DOWNTOWN LOS ANGELES - In Los Angeles, there may be no community that relies more on its public recreational space than Skid Row. Every day the two local parks are crowded with people playing chess, shooting hoops and resting.
But unless the city can find some money, the poverty-laden community’s parks will close on Friday, Feb. 1.
Gladys Park and San Julian Park have long been operated and maintained by the nonprofit SRO Housing Corp., which owns apartment complexes adjacent to both parks. SRO received annual payments from the now defunct Community Redevelopment Agency to maintain the parks.
That funding dried up in June, however, after the CRA was dissolved by state legislation supported by Gov. Jerry Brown. That’s when Ninth District Councilwoman Jan Perry, whose district included San Julian Park before redistricting took effect, secured $175,000 from the Los Angeles Homeless Services Authority that allowed operations at both parks to continue for six months.
Now, those six months have passed and the dollars are gone. SRO has been paying to operate the parks since June 15, but the cash-strapped organization will have to close the sites on Feb. 1, said its CEO, Anita Nelson.
“We’ve managed those parks since 1988 so it’s heartbreaking for us because we know how vital they are,” Nelson said. “We don’t have a lot of time.”
Nelson estimates the annual cost of operating both parks at about $350,000.
Every day in Skid Row, hundreds of people must choose how to bide their time during the day, and it’s no simple matter.
Those who sleep in emergency shelter are essentially kicked out of the facilities in the morning, but if they stray too far they might miss the chance of a free hot meal. Worse, they could miss out on a bed for the night.
Thus, many pass the time in the parks, where they are joined by some of the thousands of people who live in the single-room occupancy apartments that pepper the area.
Then there are the approximately 1,500 people who lack housing and never make it into a shelter. All three groups rely on the parks, said “General” Jeff Page, who represents Skid Row on the Downtown Los Angeles Neighborhood Council and has been lobbying city officials since September to find a way to keep the parks open.
“You wind up with thousands of people on sidewalks,” Page said. “The parks are the valves that release that pressure. They’re also a safe zone or somewhere to go where they’re not on a sidewalk to be accused of loitering.”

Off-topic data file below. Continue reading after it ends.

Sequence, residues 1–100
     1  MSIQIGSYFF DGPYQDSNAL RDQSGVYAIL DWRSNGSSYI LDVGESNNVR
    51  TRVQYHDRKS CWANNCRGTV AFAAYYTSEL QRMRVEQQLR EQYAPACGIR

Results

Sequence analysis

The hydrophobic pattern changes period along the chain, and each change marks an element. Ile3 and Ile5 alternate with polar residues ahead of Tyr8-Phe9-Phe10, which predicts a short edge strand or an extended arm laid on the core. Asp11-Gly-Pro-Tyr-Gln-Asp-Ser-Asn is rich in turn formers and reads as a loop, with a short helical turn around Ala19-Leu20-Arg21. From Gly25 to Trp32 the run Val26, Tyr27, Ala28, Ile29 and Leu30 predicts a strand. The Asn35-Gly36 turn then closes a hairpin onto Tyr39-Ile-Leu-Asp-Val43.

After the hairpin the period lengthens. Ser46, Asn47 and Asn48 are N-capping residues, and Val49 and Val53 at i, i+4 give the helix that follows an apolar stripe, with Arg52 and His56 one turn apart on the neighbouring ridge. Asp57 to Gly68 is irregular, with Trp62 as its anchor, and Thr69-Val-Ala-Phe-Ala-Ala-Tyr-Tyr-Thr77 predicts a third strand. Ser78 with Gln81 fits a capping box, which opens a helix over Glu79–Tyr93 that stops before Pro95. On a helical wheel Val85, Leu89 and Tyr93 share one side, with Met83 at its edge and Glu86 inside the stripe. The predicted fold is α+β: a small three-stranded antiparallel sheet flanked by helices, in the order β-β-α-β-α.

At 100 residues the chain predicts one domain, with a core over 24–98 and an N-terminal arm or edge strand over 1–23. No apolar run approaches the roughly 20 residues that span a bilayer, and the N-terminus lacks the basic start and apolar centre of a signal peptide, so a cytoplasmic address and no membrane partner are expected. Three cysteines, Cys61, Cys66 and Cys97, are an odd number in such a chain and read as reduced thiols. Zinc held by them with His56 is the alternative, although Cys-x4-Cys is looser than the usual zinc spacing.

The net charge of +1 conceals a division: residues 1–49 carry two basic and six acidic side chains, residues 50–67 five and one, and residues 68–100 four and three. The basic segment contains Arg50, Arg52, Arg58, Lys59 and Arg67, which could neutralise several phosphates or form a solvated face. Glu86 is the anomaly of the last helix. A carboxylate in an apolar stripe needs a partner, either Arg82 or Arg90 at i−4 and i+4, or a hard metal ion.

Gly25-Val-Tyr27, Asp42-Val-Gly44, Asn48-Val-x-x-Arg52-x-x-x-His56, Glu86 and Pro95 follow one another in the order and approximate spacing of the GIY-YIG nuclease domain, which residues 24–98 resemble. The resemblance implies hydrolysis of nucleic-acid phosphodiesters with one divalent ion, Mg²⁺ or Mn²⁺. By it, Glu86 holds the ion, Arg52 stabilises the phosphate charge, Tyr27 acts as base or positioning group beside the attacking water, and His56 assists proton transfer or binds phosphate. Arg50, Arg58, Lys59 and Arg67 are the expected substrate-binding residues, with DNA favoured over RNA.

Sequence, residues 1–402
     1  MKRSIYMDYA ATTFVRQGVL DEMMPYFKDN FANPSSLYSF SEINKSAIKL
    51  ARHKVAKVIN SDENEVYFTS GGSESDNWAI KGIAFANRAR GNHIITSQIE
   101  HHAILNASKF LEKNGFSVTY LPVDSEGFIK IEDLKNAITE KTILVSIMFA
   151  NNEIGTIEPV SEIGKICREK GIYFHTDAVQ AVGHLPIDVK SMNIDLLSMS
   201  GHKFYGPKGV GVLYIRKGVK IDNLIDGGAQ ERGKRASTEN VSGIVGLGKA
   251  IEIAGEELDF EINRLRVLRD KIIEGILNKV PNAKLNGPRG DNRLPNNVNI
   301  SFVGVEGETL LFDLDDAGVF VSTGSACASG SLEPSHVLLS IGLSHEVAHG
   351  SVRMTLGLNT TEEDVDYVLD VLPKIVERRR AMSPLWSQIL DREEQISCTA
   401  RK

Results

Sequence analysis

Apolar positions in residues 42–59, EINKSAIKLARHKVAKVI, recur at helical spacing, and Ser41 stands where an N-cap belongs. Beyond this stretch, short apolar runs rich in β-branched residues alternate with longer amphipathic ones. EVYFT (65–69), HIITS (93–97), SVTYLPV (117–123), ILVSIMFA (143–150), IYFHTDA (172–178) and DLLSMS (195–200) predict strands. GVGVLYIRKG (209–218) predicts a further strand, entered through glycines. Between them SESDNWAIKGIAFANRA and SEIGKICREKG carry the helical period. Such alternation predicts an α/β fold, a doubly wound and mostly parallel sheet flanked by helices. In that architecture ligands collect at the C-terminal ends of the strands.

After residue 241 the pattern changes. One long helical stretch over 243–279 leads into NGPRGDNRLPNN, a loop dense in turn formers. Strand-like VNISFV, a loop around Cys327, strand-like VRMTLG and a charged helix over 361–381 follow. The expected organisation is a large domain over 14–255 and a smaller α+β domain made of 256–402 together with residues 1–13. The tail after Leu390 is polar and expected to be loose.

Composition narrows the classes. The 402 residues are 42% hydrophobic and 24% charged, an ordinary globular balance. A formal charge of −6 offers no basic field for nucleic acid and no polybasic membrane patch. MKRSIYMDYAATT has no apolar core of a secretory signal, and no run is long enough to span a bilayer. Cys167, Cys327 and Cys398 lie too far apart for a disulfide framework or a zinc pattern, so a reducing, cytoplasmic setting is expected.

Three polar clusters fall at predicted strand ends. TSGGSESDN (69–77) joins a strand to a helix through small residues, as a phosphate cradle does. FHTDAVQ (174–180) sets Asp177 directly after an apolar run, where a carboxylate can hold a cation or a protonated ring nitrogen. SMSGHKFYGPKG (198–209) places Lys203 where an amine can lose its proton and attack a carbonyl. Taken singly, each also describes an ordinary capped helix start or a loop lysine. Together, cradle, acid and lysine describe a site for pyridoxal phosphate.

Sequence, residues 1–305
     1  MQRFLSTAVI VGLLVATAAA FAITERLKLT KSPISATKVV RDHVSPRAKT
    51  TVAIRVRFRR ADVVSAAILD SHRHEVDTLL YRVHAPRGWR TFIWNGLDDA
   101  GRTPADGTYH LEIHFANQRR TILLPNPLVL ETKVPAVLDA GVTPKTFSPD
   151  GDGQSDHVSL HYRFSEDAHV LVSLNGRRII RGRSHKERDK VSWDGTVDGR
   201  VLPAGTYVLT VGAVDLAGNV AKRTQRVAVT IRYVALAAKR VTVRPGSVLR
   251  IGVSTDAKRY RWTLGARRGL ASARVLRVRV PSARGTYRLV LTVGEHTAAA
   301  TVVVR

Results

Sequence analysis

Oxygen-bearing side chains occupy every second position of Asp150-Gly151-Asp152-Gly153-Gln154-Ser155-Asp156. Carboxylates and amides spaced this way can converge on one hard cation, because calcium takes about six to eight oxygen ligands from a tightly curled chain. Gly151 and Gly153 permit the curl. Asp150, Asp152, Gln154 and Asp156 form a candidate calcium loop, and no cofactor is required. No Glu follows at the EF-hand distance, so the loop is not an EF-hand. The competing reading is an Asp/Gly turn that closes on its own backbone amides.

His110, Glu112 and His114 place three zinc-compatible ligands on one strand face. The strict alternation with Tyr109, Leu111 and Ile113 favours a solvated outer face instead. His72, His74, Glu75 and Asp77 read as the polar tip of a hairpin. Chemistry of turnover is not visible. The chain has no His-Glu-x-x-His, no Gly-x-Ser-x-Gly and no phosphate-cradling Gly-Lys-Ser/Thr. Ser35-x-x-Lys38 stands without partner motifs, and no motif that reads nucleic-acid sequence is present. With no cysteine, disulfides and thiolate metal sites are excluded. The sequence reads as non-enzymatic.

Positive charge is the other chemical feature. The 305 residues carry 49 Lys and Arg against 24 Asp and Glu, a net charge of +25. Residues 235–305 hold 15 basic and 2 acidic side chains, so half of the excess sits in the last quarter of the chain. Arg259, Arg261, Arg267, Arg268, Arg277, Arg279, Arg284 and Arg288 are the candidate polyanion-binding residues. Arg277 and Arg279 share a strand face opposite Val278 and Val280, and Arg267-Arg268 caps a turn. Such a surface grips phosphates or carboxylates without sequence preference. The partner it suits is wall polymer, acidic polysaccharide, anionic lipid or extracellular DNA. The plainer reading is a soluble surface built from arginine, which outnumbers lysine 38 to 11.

Winding Through Bureaucracy
Redistricting moved much of Skid Row from Perry’s Ninth District to José Huizar’s 14th. Huizar is working on a solution to keep the parks open, said his spokesman Rick Coca.
“It’s a high priority for our office,” Coca said.
In the case of Gladys Park, which is owned by the city Department of Recreation and Parks, continuing operations is essentially a matter of funding. If the city can locate the money, the park known in part as the site of the Skid Row 3 on 3 Streetball League and other community weekend events would remain open. It’s unclear whether SRO would continue to manage the facility.
San Julian Park is more complicated. The park is owned by the now defunct CRA. For the city, keeping the park open means not only identifying funding, but also navigating a daunting bureaucracy to secure access to the site from the agency.
The successor entity overseeing the CRA is charged with disposing of its excess property, per the state law that dissolved redevelopment activities. The law allows for the successor agency to hold on to properties such as parks for “government use” and eventually transfer ownership to the city.
Such a designation, however, requires approval from the state Department of Finance. San Julian Park is on a draft list of CRA properties recommended for that designation, but the state is not slated to consider the proposal until April 1 at the soonest, said Ackley Padilla, a spokesman for the successor agency.
Padilla said the city could also opt to pursue a permit that would let it maintain and operate the park until a proposed transfer is completed. The CRA oversight board in December approved two similar permits for the city, one for the Watts Tower Cultural Crescent Park.
Absent the permit, the city could not take over San Julian Park on Feb. 1 even if it had the money, Padilla said.
With the threat of the closures looming, Page and other community stakeholders are getting anxious.
“We need answers,” Page said.
Huizar spokesman Coca said his office expects to have more information shortly.
Contact Ryan Vaillancourt at email@example.com.